Fear of Missing Out (FOMO) is the new “Keeping up with the Joneses” for the millennial generation. It’s not to say that this cohort doesn’t spend on the latest and greatest products, but I’ve also seen that millennials are more often spending on experiences, which can get in the way of preparing for the future. A study from The National Institute on Retirement Security reveals that nearly two-thirds of working millennials have nothing saved for retirement. While taking exotic trips and going to the best restaurants or festivals seems par for the course for millennials, this generation should understand the long-term impact of prioritizing instant gratification over long-term security.
With a long time horizon until retirement, take full advantage of the effect of compounding interest for the decades leading up to retirement. To make the most of this, prioritize goals and put things in perspective. While saving for retirement may not be high on millennials’ priority list, it should be a priority. It’s all about moderation, don’t sacrifice having fun in your life to save for the future, but also don’t sacrifice your future to do everything you want in the next five years.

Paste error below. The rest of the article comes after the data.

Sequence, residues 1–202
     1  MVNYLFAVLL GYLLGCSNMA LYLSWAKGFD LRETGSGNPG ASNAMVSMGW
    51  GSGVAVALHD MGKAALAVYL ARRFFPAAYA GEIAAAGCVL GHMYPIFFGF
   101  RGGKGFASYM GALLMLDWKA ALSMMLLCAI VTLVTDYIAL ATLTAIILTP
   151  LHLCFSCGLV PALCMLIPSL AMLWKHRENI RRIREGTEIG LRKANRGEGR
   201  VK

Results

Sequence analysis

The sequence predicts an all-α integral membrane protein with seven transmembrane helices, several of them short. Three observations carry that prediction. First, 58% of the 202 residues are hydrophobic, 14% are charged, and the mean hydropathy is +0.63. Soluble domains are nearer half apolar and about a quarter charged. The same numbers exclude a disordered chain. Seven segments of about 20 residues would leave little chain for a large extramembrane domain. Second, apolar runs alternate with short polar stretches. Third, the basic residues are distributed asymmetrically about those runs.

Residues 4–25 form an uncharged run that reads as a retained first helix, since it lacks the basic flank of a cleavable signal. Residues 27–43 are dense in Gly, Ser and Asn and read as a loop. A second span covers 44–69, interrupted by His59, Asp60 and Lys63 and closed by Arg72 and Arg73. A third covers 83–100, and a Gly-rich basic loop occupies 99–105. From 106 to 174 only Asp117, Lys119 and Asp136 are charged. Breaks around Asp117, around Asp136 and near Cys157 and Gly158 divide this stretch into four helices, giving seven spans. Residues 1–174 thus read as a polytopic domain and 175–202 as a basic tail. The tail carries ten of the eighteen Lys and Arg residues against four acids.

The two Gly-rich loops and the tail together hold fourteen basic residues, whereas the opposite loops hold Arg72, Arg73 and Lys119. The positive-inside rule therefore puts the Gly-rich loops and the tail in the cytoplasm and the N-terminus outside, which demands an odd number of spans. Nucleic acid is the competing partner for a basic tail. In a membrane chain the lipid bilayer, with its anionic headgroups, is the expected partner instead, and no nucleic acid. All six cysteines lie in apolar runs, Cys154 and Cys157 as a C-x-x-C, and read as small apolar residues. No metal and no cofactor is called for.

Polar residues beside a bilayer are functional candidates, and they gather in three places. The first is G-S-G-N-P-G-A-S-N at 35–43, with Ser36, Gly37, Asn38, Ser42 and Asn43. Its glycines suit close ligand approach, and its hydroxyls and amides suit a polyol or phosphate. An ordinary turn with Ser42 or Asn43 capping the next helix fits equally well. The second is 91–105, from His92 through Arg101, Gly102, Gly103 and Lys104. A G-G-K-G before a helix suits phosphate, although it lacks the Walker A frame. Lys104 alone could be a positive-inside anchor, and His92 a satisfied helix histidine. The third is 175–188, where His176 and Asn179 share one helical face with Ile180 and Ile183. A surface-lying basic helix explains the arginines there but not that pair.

Finding a middle ground starts with creating a budget and sticking to it. Allocate some money for retirement savings while carving out some cash for fun and vacations. While a balance of saving for retirement and not missing out on experiences is important, it’s also important to be prepared for unexpected expenses that crop up. Allocate some of your budget to an emergency fund in case you have an illness or injury, a surprise house or car repair, or an unexpected job loss. Having an emergency fund will allow you to have some cushion so you can enjoy your life now without feeling like you’re tapping into savings or wracking up credit card debt to go on vacation. Having that financial safety net can also help so you don’t have to tap into that retirement account early and incur penalties.
So how does one stick to a budget? It’s easier said than done and trying to keep up with peers can get in the way. However, all the automation tools available can make things easier. Set up automatic transfers from your paycheck to a retirement account before you even see it. If you don’t know it’s there in the first place you won’t miss it! Similarly, you can utilize automatic transfer to a savings account. Then, you can spend the leftovers however you wish. This will help you pare down discretionary expenses and realize how much money you have to play with.
Retirement isn’t something you can borrow money for; you either have enough money saved or you don’t. Although it’s tempting to not miss out on things now, staying disciplined and utilizing tools to ensure you’re prepared for retirement will be important for having the lifestyle you want in retirement.